There are only two companies with which you can get to Aguas Calientes: Incarail and Perúrail, with the first being a little less expensive. Check into prices or reserve a ticket on these websites.
Once in Aguas Calientes, you can take the bus up to the sanctuary of Machu Picchu for about 24 USD round-trip, or if you would prefer to walk, you can make the trip in about one and a half hours. Guides are available for hire at the entrance gate of Machu Picchu.
Check on this official website for entry prices and availability. The general price is for international travelers while the promotional price is for Peruvians and anyone else who belongs to the Andina community (Colombians, Ecuadorians and Bolivians).
Bus to Machu Picchu from Cusco
This option will require a little more walking since there isn’t a direct bus. You can take a bus or a minivan to the Hydroelectric dam, which takes about five and a half hours and costs approximately 15- 30 USD (there are other options with stop-offs in Santa María and Santa Teresa, but they cost almost the same, though in Santa Teresa you can bathe in the thermal springs of Cocalmayo). The direct bus can be taken with different tourist agencies in Cusco or through this link Machu Picchu Bus Packers. Keep in mind that this trip could be somewhat dangerous because of weather conditions of the highway.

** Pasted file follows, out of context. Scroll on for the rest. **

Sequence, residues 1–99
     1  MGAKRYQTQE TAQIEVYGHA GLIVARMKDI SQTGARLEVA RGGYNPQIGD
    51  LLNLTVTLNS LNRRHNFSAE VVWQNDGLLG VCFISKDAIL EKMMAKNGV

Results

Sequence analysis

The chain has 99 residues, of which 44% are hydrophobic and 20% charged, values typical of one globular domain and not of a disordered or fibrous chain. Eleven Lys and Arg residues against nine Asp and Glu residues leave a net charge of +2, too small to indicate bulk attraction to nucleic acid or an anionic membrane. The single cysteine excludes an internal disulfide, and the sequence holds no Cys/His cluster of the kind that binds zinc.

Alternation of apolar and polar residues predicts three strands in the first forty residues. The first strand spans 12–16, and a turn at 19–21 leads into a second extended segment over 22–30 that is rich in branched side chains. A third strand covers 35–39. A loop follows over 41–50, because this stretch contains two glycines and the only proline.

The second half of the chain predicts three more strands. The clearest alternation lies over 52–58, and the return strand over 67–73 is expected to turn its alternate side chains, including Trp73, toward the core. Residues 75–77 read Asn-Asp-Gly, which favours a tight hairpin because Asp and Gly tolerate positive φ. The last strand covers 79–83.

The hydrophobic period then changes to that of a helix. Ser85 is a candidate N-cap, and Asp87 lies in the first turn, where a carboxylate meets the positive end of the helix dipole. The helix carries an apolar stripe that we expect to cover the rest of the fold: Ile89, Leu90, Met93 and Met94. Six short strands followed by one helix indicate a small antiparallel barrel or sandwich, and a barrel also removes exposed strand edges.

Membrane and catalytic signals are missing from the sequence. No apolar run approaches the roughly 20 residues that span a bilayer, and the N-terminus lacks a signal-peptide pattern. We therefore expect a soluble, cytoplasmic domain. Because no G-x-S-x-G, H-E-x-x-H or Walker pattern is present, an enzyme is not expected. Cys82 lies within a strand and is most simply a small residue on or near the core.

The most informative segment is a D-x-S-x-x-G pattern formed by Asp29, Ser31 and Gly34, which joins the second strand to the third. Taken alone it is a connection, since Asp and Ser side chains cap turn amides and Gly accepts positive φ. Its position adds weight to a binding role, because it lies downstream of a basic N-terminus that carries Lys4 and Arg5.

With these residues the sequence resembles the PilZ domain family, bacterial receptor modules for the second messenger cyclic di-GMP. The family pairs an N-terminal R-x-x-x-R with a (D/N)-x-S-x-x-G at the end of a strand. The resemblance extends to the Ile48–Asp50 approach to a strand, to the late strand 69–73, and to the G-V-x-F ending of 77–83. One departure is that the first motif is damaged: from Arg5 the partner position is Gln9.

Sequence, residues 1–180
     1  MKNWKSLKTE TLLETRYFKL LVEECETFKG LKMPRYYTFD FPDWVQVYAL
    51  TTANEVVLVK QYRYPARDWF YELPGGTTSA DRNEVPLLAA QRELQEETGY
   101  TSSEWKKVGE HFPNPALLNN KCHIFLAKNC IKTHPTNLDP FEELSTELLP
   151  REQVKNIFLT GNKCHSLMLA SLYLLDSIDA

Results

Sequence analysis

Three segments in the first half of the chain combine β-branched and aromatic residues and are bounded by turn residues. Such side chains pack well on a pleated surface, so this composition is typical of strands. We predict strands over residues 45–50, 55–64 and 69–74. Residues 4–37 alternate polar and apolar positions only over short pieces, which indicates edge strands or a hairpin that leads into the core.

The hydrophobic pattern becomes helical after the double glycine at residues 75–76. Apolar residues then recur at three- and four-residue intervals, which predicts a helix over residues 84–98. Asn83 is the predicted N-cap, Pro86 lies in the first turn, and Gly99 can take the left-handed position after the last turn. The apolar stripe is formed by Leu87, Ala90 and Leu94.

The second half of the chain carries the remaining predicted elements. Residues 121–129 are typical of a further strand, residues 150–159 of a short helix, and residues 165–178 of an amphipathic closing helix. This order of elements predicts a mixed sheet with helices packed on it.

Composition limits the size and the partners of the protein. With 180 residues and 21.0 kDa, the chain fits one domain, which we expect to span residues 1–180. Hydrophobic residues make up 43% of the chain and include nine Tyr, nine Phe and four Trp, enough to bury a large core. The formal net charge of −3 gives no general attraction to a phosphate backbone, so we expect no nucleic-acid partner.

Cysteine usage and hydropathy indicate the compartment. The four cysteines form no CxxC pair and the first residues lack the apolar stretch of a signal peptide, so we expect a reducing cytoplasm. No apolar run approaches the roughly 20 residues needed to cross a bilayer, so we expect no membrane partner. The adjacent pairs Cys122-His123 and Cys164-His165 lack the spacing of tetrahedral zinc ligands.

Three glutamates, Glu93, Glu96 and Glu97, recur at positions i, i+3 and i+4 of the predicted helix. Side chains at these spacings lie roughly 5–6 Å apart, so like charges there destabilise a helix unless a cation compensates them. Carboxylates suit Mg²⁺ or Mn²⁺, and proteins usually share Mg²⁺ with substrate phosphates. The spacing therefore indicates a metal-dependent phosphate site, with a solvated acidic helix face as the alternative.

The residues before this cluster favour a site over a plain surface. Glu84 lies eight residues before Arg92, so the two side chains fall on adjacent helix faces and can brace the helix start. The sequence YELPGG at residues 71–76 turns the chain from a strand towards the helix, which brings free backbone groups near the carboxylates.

Once you get to Hidroelectrica, you will have to walk about 3 hours to Aguas Calientes. This option is preferred by many travelers because the path is flat, as it traces the route of the train tracks. This route also offers a splendid view of the Vilcanota river surrounded by majestic massifs.
When you arrive in Aguas Calientes, it’s a good idea to take a rest so that you are prepared for the next day. To visit Machu Picchu, you can either take a bus or go on foot, as described earlier.